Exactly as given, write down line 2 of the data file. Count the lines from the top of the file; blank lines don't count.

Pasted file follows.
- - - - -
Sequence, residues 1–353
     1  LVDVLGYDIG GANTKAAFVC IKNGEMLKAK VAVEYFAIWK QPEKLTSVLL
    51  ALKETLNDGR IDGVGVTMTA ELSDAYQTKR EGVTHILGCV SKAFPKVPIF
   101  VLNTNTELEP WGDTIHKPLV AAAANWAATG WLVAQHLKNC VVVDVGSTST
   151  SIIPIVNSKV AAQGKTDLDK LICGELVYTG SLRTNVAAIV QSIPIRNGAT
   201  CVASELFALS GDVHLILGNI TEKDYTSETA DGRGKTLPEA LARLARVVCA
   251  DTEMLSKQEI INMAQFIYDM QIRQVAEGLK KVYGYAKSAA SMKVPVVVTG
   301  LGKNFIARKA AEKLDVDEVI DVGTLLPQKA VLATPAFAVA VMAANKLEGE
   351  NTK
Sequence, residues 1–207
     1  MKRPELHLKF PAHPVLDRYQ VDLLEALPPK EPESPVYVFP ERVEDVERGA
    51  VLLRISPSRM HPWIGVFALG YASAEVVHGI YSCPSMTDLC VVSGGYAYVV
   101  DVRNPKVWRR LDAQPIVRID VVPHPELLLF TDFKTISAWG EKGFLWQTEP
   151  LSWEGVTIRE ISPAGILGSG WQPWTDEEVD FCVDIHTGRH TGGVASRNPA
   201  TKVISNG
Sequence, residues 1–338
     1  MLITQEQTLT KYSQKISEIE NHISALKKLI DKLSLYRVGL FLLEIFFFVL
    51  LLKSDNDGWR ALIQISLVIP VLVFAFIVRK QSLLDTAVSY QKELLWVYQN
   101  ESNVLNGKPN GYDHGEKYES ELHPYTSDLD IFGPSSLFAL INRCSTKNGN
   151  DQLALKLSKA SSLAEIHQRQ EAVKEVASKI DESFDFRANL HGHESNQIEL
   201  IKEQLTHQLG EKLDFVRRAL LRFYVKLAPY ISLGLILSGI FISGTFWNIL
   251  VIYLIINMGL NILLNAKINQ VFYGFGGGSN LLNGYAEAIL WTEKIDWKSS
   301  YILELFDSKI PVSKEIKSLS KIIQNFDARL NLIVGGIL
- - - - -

     1  LVDVLGYDIG GANTKAAFVC IKNGEMLKAK VAVEYFAIWK QPEKLTSVLL